Home contributor Audrey Scheck reveals a playroom before-and-after so spectacular you’ll want to move into that tent immediately.
When we found our new house, we knew immediately that we would make one of the downstairs rooms into a play space for the kids. Our first house didn’t have a dedicated playroom, which meant that our living room essentially functioned as their play area.
In other words, the toys were everrrrywhere.
Quick backstory here, because I always think it’s nice to know a little about the history of a house: The previous owners were both scholars, and they each had their own office in the main house. Her office (which is now our playroom) was downstairs, with an exterior door leading out to the backyard, and his office was upstairs. They also had a library downstairs and a guest room, which became Huxley and Tilly’s rooms, respectively. Despite being 100 years old, the house was in great shape – it just needed a little rethinking to make it work for our growing family.
When it came time to design the playroom, I knew that we would need to demo the built-in desk and shelves to give the kids more usable play space. We also did the following:
- Added a light to the center of the ceiling
- Removed the existing wall sconce and the window treatments
- Laid new baseboards
- Babyproofed the space using this service to make sure it was safe for the kids.
There were also a few improvements we did throughout the house that made a big impact: we laid new hardwood floors, painted the full interior (Benjamin Moore Simply White), and removed all of the old wiring from the house (old phone and internet lines, alarm wires, you name it).
Back in March I was at one of my favorite stores in Los Angeles, Big Daddy’s Antiques, and I spotted this pair of Belgian vintage chairs that I knew would be great for the playroom. They’re low enough to the ground for the kids to easily get on and off of them, and they’re super easy to move around the room. I found the round side table the same day, and it fits perfectly between the two chairs.
We had the play kitchen at our previous home, and I grabbed the matching play table + stools for the new house so that there wouldn’t be too many contrasting wood tones in the playroom. I also fell in love with the mustard stripe tent, which I bought before we moved into the house. Since the room wasn’t that large, I stopped there and decided to wait to see whether the room could accommodate any additional furniture.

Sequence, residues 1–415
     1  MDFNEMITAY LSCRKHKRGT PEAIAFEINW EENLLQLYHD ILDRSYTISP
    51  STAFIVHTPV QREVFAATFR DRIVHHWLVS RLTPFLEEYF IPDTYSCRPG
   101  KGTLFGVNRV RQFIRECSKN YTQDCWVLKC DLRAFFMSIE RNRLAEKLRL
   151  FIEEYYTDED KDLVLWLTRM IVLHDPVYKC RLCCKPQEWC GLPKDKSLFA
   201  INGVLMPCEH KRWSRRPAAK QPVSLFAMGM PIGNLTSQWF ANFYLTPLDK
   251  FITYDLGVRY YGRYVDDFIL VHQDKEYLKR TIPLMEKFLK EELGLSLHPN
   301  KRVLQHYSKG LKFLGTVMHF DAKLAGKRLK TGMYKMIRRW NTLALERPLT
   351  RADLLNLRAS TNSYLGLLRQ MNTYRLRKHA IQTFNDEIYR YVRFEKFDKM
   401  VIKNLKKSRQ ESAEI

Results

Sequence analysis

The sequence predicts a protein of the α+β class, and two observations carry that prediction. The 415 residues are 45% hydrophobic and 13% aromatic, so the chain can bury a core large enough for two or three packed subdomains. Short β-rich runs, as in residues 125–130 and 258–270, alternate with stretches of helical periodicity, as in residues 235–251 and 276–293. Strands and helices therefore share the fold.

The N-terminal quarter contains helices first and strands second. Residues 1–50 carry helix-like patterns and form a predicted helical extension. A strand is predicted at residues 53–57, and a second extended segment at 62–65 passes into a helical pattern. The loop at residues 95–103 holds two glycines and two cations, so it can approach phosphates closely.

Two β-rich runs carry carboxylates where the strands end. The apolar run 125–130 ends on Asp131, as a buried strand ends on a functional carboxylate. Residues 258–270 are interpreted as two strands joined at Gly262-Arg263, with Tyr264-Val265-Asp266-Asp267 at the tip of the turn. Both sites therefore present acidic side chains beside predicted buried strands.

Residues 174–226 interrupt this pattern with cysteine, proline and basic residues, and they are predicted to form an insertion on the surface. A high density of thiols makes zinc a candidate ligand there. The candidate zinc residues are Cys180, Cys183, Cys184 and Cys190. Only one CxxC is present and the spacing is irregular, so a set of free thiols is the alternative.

For the walls, I knew I wanted a mix of family photos and the kids’ artwork. I found the bronze hanging frames at Anthropologie and filled them with pictures and dried flowers. On the opposite side of the room, I hung an oval pinboard above the kitchen to display their masterpieces. I love the colors in the Picasso print between the chairs, and I used Framebridge to frame the poster once it arrived. The opposite wall has a Samsung Frame TV on it, which we use to display our favorite photo of the kids.
The room is full of beautiful light, but I wanted window coverings that wouldn’t get in the way. I ended up going with motorized shades in a soft, textured white fabric. They roll up into a cassette that’s mounted on top of each window frame, and we can choose the stopping point for each of them when they’re rolling down (this is key, as Tilly is walking now and loves to pull on things!).
We’ve been in the house for four months now, and I’m so glad I didn’t buy any more furniture for the playroom. It’s been really nice having open space to accommodate whatever activity the kids are into. I’m sure this room will go through many iterations as they get older, but for now it’s exactly what we need for a 1 and 3 year old, and we all adore it.
Audrey is a native Texan living in Los Angeles with her husband (Matt), their two kids (Huxley & Tilly), and a four-pound poodle (Shadow). She studied advertising at the University of Texas in Austin and worked in the ad industry for 10 years before leaving to pursue her passion for interior design. On RG, she’ll be sharing all about her full renovation of her new 100-year-old house in one of L.A.’s most historic neighborhoods.